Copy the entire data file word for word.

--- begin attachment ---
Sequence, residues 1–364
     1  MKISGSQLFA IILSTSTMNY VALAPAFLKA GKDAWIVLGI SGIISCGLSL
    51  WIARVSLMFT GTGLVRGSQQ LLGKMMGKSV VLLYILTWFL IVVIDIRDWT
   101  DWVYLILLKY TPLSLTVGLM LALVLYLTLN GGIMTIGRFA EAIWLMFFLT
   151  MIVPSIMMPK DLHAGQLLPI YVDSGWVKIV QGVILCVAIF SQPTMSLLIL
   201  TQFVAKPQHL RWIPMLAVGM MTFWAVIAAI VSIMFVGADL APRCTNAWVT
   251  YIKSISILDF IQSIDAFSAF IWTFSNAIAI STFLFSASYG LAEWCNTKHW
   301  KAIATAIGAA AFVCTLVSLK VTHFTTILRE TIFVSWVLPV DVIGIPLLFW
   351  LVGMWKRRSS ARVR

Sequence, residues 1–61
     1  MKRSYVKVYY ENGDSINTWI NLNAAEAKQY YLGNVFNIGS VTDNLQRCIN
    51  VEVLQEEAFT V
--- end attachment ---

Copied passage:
Sequence, residues 1–364
     1  MKISGSQLFA IILSTSTMNY VALAPAFLKA GKDAWIVLGI SGIISCGLSL
    51  WIARVSLMFT GTGLVRGSQQ LLGKMMGKSV VLLYILTWFL IVVIDIRDWT
   101  DWVYLILLKY TPLSLTVGLM LALVLYLTLN GGIMTIGRFA EAIWLMFFLT
   151  MIVPSIMMPK DLHAGQLLPI YVDSGWVKIV QGVILCVAIF SQPTMSLLIL
   201  TQFVAKPQHL RWIPMLAVGM MTFWAVIAAI VSIMFVGADL APRCTNAWVT
   251  YIKSISILDF IQSIDAFSAF IWTFSNAIAI STFLFSASYG LAEWCNTKHW
   301  KAIATAIGAA AFVCTLVSLK VTHFTTILRE TIFVSWVLPV DVIGIPLLFW
   351  LVGMWKRRSS ARVR

Sequence, residues 1–61
     1  MKRSYVKVYY ENGDSINTWI NLNAAEAKQY YLGNVFNIGS VTDNLQRCIN
    51  VEVLQEEAFT V